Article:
Insignia Systems, Inc.
Insignia Systems, Inc., (NASDAQ: ISIG) often referred to as just Insignia, is a publicly traded U.S. Corporation that manufactures point of sale in-store signage and promotional advertising media for consumer packaged goods companies and retailers. Insignia is one of three companies in the United States (the other two are Valassis Communications and News America Marketing) that control almost all the in-store ads and grocery coupons in the United States.
|Founded||Minnesota, United States (1990)|
|Founder||GL Hoffman, David Eiss|
8799 Brooklyn Blvd, Minneapolis, MN 55445,
|Kristine Glancy (CEO), Jeff Jagerson (CFO),|
|Products||In-store consumer marketing services|
The company is broken into two parts, the first of which maintains a relationship with retailers for placing signage in stores. The second part markets and provides signage to Fast-moving consumer goods, better known as consumer packaged goods companies (or simply CPG companies), which are then placed into the partnering retail locations.
Insignia Systems, Inc. was founded on January 2, 1990 by G.L. Hoffman and David Eiss. The company began operations by selling Impulse sign machines that printed in-Store signs and labels. In 1991, Insignia Systems became a publicly traded company, trading on the NASDAQ as ISIG, moving to the National Market in 2002. In 1993 Stylus software was introduced as precursor to the future Insignia POPS line and the original Impulse machine was replaced with the SignRight machine in 1996. Soon after, in 1998, the Insignia POPS innovative sign program became the company's featured product.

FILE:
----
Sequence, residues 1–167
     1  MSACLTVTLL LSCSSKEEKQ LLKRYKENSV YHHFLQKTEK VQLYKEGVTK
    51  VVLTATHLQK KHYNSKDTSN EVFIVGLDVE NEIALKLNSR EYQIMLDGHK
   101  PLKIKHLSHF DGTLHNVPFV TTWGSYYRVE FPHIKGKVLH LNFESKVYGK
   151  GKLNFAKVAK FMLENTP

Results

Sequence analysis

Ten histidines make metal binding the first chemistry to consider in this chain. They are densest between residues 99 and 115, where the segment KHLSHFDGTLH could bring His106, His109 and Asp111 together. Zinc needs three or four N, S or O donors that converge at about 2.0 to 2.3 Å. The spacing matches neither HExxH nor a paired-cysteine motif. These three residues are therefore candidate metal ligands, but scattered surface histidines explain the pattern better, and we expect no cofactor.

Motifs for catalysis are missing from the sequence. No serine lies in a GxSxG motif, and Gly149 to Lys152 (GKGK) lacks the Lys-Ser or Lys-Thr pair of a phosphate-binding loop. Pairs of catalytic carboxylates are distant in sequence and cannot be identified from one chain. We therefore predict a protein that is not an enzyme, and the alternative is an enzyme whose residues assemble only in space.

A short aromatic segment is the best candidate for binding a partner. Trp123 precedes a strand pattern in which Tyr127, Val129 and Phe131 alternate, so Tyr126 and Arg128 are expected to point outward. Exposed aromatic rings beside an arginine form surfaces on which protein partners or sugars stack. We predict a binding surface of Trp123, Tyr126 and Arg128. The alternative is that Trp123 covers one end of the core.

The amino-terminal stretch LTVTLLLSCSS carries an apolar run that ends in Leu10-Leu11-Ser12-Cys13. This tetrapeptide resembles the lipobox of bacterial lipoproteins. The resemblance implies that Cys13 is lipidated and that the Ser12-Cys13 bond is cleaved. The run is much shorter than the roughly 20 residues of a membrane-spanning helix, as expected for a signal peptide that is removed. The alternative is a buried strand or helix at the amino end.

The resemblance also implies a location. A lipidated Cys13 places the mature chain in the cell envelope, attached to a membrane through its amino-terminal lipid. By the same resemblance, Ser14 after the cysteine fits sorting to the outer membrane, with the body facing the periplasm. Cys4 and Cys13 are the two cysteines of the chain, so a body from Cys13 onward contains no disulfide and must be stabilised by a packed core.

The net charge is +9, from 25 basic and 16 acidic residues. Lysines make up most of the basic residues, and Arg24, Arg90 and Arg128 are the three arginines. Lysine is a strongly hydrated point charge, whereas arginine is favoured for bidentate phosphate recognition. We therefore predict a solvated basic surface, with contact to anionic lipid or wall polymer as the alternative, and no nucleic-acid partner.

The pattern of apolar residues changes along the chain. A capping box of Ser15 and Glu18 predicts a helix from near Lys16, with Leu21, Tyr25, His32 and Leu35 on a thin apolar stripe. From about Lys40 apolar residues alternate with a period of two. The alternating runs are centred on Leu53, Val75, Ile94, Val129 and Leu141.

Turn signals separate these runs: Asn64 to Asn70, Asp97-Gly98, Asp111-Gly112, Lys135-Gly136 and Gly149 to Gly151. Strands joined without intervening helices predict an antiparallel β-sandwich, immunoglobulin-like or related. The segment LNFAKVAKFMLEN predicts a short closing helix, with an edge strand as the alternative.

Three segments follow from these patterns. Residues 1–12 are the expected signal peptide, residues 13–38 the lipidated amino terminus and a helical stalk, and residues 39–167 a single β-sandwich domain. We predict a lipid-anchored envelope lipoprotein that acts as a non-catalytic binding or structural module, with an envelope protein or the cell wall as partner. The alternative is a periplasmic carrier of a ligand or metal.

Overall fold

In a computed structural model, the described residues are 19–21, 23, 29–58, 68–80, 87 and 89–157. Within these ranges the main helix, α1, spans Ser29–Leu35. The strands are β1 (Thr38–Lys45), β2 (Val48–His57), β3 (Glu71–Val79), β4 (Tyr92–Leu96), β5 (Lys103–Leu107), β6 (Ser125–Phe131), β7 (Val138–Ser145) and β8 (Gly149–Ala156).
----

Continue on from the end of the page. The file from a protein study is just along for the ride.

1998 was a critical year for Insignia as sales were down and new business was a necessity. In May of that same year the Insignia POPS sign was introduced and, on February 24, 1998, Scott Drill was named CEO of the company. With Drill providing additional direction and the POPS business established, the company and the POPS program grew quickly, reaching 1 million signs in 2001 and 40 million signs in 2011. Through 2006 and 2007, Insignia confirmed a 10-year partnership with Valassis Communications, filling the in-store void for Valassis.
In 2011, the Company reached a settlement of a lawsuit between Insignia Systems and News America Marketing, owned by Rupert Murdoch's News Corporation. The basis of the lawsuit was the accusation of News America Marketing for engaging in various antitrust practices. New America Marketing settled the lawsuit for $125 million, and the two companies entered into a business agreement, making Insignia the sole third party provider of in-store signs with price.
In December 2011, Insignia purchased a state-of-the-art Laser Die Cutter (die cutting), making their POP Signs graphically customizable. This new creative capability, along with the exclusive price on sign, revamped Insignia's business. Due to the success and added customization of their signs, Insignia POPS expanded their product lines to include Shape POPS, Equity POPS, Shape POPS Premier, Brand POPS and Banner POPS. POPS now continues to be a major component in Insignia Systems' profit giving them a great deal of traction in the in-store advertising landscape.